Newly discovered genetic locations could be the answer to discovering why some people are more prone to developing type 2 diabetes, researchers have said.
A total of 76 chromosomal locations, otherwise known as loci, had already been identified, which researchers believed were linked to the condition.
Interestingly, very few of the already identifiable loci were found in the African American communities, where type 2 diabetes numbers are nearly double those among the European population.
But now, a team from University College London (UCL) and Imperial College London (ICL) say they have found a further 111 which are related to the genetics of those with type 2.
Among the newly discovered gene locations, 93 were identified in both African American and European populations whilst only 18 were European-specific.
As part of the study, data from nearly 6,000 people with the condition was collected and a further 9,700 healthy people were also recruited.
Dr Winston Lau, of UCL’s Genetics, Evolution and Environment department, said: “Our results mean that we can now target the remaining loci on the genetic maps with deep sequencing to try and find the causal mutations within them.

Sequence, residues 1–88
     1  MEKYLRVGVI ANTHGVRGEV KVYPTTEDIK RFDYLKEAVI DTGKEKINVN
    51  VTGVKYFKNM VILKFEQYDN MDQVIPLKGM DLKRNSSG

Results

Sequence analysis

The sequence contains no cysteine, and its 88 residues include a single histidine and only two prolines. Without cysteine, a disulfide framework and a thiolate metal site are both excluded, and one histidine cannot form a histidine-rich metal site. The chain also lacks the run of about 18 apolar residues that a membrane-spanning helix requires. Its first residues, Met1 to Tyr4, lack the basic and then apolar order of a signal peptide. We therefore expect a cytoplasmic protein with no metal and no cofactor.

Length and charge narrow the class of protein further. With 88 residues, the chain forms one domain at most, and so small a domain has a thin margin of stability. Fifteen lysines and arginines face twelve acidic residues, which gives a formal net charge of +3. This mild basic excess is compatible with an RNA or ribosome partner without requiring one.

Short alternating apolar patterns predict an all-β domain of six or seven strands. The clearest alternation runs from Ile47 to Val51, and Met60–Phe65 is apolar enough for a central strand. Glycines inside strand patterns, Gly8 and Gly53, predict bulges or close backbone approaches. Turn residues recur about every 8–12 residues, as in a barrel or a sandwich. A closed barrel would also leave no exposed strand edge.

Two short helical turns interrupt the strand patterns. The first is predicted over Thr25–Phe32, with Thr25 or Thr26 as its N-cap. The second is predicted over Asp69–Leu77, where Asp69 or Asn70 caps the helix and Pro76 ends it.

“We are also very excited that most of the identified disease loci appear to confer risk of disease in diverse populations such as African Americans, implying our findings are likely to be universally applicable and not just confined to Europeans.”
Co-author Dr Nikolas Maniatis added: “No disease with a genetic predisposition has been more intensely investigated than type 2 diabetes. We have proven the benefits of gene mapping to identify hundreds of locations where causal mutations might be across many populations, including African Americans.
“This provides a larger number of characterised loci for scientists to study and will allow us to build a more detailed picture of the genetic architecture of type 2 diabetes.
“We are now in a strong position to build upon these genomic results, and we can apply the same methods to other complex diseases such as Alzheimer’s disease.”
The study’s findings have been published in the American Journal of Human Genetics journal.

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